Atomine from Broken Arms Games is a twin stick shooter. Something that we’re quite used to seeing on PSN these days. Especially as it also has procedurally generated levels with rogue-lite mechanics. However, there is also a storyline of sorts, which is about the real-life Stuxnet internet worm. This is largely irrelevant but adds a little colour to the overall experience.
In keeping with the Stuxnet schtick, you control a virus trying to bring down industrial computer systems of increasing complexity with enemies that initially won’t put up much of a fight to begin with. The challenge soon ramps up though.
As you’ll play you’ll unlock ‘cryptocurrency’ which equates to tokens that unlock extra power ups and extra weapon types. You’ll grow more powerful with successive playthroughs as per the usual rogue-lite way of doing things. Initially you’ll have a basic cannon that fires a single shot, but as you progress you’ll unlock the likes of three way cannons or laser beams. Either way, you’ll soon find you make short work of previously challenging enemies.
What will immediately strike you is how spartan the graphics are. We’re not talking about Master Chief either. They’re initially very plain and dare we say boring. We guess it is to reflect the fact you’re infiltrating industrial control systems, but it makes for pretty austere viewing to begin with.
Thankfully things do improve the further you progress, but you’ll still find the only colour in earlier levels is that of your laser beam and occasional enemies that come in something other than monochrome shades. Rez proved that you can have a hacking game with beautiful graphics, so the argument for a minimalist design philosophy is a little flawed. Okay, we get it, you’re an indie developer so you don’t have the resources to go all out but plenty of indie games on PSN are beautiful and setting a game in a computer system gives you the license to go as wild as you like.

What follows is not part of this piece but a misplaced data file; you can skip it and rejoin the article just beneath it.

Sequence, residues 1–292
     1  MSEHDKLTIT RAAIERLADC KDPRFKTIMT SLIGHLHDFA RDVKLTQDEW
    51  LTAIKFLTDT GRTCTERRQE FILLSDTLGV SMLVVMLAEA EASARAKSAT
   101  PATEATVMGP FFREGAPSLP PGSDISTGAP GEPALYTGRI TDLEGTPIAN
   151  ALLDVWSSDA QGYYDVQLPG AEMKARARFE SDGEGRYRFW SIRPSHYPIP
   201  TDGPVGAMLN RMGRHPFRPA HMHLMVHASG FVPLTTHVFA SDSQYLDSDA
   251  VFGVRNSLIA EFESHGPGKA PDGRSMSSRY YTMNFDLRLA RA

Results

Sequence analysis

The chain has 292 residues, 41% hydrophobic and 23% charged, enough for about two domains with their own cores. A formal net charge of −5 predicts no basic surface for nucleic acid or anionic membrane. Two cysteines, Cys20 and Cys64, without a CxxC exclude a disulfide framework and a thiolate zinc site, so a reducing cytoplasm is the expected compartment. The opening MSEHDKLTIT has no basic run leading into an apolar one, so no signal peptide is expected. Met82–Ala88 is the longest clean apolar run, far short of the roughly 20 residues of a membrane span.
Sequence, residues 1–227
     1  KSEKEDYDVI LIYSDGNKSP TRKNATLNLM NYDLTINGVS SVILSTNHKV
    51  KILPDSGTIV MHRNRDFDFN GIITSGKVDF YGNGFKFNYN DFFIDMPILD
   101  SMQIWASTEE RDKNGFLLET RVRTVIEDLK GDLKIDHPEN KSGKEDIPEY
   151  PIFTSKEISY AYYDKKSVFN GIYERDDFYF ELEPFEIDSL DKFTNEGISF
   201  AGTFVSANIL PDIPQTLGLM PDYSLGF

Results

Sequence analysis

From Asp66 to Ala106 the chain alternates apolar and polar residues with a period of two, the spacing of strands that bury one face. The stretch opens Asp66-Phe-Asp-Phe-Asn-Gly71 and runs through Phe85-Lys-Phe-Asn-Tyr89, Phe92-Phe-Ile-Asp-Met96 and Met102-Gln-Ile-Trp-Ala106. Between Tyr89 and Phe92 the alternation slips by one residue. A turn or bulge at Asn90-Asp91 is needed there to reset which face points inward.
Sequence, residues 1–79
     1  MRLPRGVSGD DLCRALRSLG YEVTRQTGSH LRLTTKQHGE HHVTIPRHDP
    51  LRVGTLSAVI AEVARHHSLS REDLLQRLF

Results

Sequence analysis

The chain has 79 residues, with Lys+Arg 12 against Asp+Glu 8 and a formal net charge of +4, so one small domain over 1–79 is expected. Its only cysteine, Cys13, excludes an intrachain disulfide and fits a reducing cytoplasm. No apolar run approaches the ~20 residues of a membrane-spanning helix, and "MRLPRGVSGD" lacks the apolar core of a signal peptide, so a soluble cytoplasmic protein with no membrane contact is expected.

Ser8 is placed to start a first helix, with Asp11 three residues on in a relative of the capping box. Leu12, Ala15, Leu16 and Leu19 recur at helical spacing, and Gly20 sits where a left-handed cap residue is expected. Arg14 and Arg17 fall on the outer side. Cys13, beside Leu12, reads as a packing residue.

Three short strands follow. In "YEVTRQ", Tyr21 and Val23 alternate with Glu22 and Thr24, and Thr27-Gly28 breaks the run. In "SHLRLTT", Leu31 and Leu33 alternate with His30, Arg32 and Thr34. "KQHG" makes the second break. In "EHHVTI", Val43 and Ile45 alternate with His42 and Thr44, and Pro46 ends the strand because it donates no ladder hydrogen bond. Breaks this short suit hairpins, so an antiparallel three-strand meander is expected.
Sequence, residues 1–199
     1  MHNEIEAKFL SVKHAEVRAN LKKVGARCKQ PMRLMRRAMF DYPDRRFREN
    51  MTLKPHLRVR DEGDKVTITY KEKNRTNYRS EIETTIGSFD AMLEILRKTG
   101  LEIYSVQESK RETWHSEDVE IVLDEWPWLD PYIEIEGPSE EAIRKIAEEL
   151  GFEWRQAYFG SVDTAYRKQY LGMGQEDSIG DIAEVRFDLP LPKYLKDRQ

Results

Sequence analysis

As you unlock more modules, fixed preset viruses with different loadouts will become available. For example, if you unlock all the required modules for virus version 1.2 you’ll get a nice trophy for your trouble and the ability to use that preset at the outset of an attempt. It’s an interesting mechanic and means you’ll potentially play with loadouts you’d possibly not otherwise use.
After every four levels you’ll come up a boss fight, the first of which ‘Hoenir’ is a simple enough proposition. To begin with your basic pew pew gun won’t cut it due to your limited firing range, so you’ll be well in range of the bosses rotating lasers and low health countermeasure cluster bombs.
A powered up virus makes short work of Hoenir’s health bar eventually and you’ll be well equipped to tackle subsequent levels. At the time of writing we’d not progressed further than level seven but we can be sure there would have been another lurking after levels eight and twelve, with one more final boss at the very end of a successful run.
One thing we could do without is the forced perspective camera that often means the procedurally generated levels obscure your view. It would be handy if you could rotate the view in order to get a better view of where you were headed and to see the system countermeasures that are looking to destroy you.
A tactic we often found ourselves using was popping our head into an adjacent chamber to kite enemies into a doorway and kill them as they come through, one by one. Funneling them in this manner means you’ll generally avoid barrages of fire from multiple enemies at least. It works as a tactic but doesn’t make for the sort of exciting shoot ’em up action that makes a game stand out from the glut of PSN twin-stick shooters.
Annoyingly, our play experience was slightly marred by trophies that didn’t unlock despite our having fulfilled the unlock conditions (score 500 points in a run and beat level 5 being two culprits.) Hopefully a future patch will resolve this issue, but it did detract from our enjoyment a little.
In addition, we found the music and sound effects a bit on the loud side, annoying even. So we played with the master volume level at 20% at most.
Overall though, this is a mechanically sound addition to the many twin stick shooters available on PS4, only slightly hamstrung by the functional minimalist design philosophy and camera issues.
+ Rogue-lite traits well implemented
+ Interesting upgrade mechanics
- Glitched trophies
- Fixed camera angles don't always help, especially when you're travelling downwards
- Music and sound effects are forgettable at best and annoying at worst